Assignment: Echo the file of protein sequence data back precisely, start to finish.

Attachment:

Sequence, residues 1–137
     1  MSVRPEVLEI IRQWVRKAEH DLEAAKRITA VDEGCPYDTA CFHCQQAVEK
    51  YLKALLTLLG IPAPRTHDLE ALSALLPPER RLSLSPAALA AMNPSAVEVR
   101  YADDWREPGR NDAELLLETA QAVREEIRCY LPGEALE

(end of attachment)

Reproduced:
Sequence, residues 1–137
     1  MSVRPEVLEI IRQWVRKAEH DLEAAKRITA VDEGCPYDTA CFHCQQAVEK
    51  YLKALLTLLG IPAPRTHDLE ALSALLPPER RLSLSPAALA AMNPSAVEVR
   101  YADDWREPGR NDAELLLETA QAVREEIRCY LPGEALE